CNN Connie Chung Tonight – December 30, 2002

Connie Chung: And, when we come back, looking back and paying back. Kevin Spacey puts his Web site where his mouth is.


CHUNG: If you’ve seen actor Kevin Spacey’s work over the past few years, you’d probably agree that he’s one versatile guy. He can do just about anything. If you saw “Se7en,” or “The Usual Suspects,” “L.A. Confidential,” “Glengarry Glen Ross,” or “American Beauty,” then you know just how wide-ranging his talent is. He can be kindly, he can be funny, he can be scary. So what’s the secret to Kevin Spacey? You should know that he has also undertaken one of the movie industry’s most high-minded, altruistic projects in years. Is Kevin Spacey’s big secret that he’s just one heck of a nice guy?

(BEGIN VIDEO CLIP, “AMERICAN BEAUTY”) ANNETTE BENING, ACTRESS: Buddy, this is my… KEVIN SPACEY, ACTOR: Her husband. We’ve met before, but something tells me you’re going to remember me this time. (END VIDEO CLIP)

CHUNG (voice-over): You probably remember Kevin Spacey from his Oscar-winning performance as Lester Burnham, the suburban dad having a midlife crisis in “American Beauty.”


(BEGIN VIDEO CLIP, “THE USUAL SUSPECTS”) SPACEY: The only thing that scares me is Kaiser (Keyser) Soze. (END VIDEO CLIP)

CHUNG: Or you might remember him from his first Academy Award: best supporting actor in “The Usual Suspects.”


CHUNG: Spacey also had memorable roles in films such as “L.A. Confidential,” “Midnight in the Garden of Good and Evil” and “Pay it Forward.”


CHUNG: Born in New Jersey in 1959, Kevin Spacey began acting on the stage. He won a Tony Award in 1991 for “Lost in Yonkers.” He was mentored by Jack Lemmon and said he feels a responsibility to help other young actors.

SPACEY: It’s part of the payback, really. It’s an important — and it actually feels great. It really does, when you do something that you see it affects people. CHUNG: Spacey has taken most of this year off to focus on creating, a free Web site devoted to finding and helping new talent, screenwriters, and filmmakers.


CHUNG: And he’s set aside just a couple of minutes from that task to fill us in on exactly what he’s doing. Thank you.

SPACEY: Thank you for having me.

CHUNG: I am loving you. I’m loving your work. I am telling you…

SPACEY: Well, I’m glad to be here so we can talk. CHUNG: All right, we’ll talk. SPACEY: You and I together.

CHUNG: Yes. This is what we’re going to do. (LAUGHTER)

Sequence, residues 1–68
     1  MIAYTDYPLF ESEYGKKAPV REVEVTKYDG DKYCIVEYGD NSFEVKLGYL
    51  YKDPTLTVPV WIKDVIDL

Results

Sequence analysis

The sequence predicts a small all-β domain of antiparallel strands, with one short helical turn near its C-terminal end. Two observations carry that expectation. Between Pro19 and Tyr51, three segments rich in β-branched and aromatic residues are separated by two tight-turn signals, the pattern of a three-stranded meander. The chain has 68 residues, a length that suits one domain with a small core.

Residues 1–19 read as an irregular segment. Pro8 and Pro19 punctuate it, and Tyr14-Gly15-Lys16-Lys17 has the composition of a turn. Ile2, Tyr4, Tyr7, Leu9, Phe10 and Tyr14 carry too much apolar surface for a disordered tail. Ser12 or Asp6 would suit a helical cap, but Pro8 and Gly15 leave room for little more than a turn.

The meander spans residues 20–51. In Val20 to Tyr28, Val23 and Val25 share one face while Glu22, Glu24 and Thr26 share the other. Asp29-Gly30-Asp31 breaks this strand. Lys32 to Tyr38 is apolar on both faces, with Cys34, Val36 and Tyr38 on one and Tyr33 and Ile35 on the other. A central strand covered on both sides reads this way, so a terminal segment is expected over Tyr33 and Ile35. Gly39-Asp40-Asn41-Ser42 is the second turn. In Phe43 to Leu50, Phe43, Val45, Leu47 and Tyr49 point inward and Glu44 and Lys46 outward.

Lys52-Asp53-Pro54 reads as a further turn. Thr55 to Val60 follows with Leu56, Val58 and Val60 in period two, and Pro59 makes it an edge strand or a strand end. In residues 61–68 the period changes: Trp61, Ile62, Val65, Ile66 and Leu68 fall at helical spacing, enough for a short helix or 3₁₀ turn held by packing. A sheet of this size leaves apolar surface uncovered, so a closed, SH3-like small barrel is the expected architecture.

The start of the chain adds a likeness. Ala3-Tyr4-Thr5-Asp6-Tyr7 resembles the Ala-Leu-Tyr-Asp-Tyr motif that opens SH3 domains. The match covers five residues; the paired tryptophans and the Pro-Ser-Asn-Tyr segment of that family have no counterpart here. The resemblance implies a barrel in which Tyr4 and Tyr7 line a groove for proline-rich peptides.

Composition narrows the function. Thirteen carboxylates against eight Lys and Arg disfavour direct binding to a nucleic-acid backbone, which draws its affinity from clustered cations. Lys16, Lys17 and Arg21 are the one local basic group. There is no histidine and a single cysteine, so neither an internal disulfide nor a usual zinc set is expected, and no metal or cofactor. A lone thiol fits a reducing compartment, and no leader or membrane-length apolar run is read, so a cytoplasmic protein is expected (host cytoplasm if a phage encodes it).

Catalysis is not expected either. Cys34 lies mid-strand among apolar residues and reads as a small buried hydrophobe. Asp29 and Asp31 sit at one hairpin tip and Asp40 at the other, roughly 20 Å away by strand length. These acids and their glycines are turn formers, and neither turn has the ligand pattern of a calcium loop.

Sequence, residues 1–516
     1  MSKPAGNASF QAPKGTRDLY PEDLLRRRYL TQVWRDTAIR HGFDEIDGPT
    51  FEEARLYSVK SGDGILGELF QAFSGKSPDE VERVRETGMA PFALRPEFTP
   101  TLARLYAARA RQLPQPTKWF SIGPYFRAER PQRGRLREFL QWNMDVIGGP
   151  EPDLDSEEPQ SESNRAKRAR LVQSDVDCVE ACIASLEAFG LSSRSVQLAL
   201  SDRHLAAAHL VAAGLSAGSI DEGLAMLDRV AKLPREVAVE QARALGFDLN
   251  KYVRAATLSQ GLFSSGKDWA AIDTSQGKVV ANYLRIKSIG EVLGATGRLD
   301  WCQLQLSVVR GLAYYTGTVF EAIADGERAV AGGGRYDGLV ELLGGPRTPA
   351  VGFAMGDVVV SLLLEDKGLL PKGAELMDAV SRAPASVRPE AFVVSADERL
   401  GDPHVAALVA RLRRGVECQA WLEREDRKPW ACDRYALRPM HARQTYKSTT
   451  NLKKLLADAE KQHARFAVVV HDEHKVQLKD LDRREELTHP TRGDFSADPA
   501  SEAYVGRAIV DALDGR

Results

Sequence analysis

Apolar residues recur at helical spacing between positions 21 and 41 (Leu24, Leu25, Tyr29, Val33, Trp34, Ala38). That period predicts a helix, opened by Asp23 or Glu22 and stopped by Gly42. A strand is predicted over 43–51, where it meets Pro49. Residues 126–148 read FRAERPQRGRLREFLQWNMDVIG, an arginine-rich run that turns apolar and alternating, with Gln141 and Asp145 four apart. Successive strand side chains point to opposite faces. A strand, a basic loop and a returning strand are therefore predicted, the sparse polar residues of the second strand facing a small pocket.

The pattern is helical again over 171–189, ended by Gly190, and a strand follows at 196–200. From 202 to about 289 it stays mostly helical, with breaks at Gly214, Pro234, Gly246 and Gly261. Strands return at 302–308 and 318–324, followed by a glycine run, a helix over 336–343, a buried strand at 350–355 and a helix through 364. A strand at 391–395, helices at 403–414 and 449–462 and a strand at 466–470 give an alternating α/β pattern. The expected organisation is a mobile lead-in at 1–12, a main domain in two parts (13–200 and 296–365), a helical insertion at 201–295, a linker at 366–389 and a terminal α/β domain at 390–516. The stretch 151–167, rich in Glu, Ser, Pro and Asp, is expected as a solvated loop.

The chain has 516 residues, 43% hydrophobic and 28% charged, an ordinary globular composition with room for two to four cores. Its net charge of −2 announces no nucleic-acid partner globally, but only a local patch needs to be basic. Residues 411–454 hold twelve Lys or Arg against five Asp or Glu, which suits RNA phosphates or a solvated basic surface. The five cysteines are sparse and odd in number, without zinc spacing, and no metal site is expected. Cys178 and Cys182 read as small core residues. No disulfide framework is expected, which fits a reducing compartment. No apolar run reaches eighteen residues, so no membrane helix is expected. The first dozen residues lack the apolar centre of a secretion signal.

CHUNG: But you know what? It’s that little grin, that “I’m up to no good” that I love about you. And it’s the full range from devilish to downright sinister. Did your mother used to say to you, “Kevin, what are you up to?”

SPACEY: Well, yes, I did get away with a lot as a kid, but my mom raised me right. So I’m making up for it now.

CHUNG: You’re a good boy?

SPACEY: Yes, I’m making up for it now.

CHUNG: OK, you credit two people in particular for sort of jump- starting your career. Tell me about them.

SPACEY: Well, the first, which we saw just a little clip of, is the great late Jack Lemmon, who I actually met when I was 14 years old.

CHUNG: Really?

SPACEY: Yes. I went to a seminar. I still remember the moment I shakily walked up to him to ask for his autograph and asked if he had any advice. And he gave me advice.

CHUNG: Because, at that time, you already knew you wanted to be an actor?

SPACEY: I already knew. I knew when I was about 8.

CHUNG: You’re kidding?


CHUNG: How come?

SPACEY: For me, it was an incredible world where you could escape. I grew up sort of watching the late movies and admiring actors enormously. And I think my parents would say I was always the class clown and the one making the silly voices in the back of the room. So, Lemmon actually gave me some pretty great advice and said that, if I was serious about it, I ought to come to New York. I ought to study. I did. I went to Juilliard here for a number of years. And then, finally, I met him again in an audition for “Long Day’s Journey Into Night,” which we’ve been looking at a clip of. And I ended up playing his son for more than a year.